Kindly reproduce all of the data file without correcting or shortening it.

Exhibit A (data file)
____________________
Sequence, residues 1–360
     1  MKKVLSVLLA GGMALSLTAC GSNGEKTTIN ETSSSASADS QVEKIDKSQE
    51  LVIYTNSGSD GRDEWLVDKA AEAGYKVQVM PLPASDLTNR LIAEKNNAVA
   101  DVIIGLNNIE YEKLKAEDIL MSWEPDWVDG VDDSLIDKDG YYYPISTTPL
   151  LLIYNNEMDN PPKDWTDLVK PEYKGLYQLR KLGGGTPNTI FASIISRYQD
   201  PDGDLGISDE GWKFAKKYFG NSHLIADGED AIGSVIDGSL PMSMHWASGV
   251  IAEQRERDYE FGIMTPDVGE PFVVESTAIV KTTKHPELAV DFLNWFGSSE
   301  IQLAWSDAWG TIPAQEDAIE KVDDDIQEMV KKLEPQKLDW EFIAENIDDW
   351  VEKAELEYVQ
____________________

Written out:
Sequence, residues 1–360
     1  MKKVLSVLLA GGMALSLTAC GSNGEKTTIN ETSSSASADS QVEKIDKSQE
    51  LVIYTNSGSD GRDEWLVDKA AEAGYKVQVM PLPASDLTNR LIAEKNNAVA
   101  DVIIGLNNIE YEKLKAEDIL MSWEPDWVDG VDDSLIDKDG YYYPISTTPL
   151  LLIYNNEMDN PPKDWTDLVK PEYKGLYQLR KLGGGTPNTI FASIISRYQD
   201  PDGDLGISDE GWKFAKKYFG NSHLIADGED AIGSVIDGSL PMSMHWASGV
   251  IAEQRERDYE FGIMTPDVGE PFVVESTAIV KTTKHPELAV DFLNWFGSSE
   301  IQLAWSDAWG TIPAQEDAIE KVDDDIQEMV KKLEPQKLDW EFIAENIDDW
   351  VEKAELEYVQ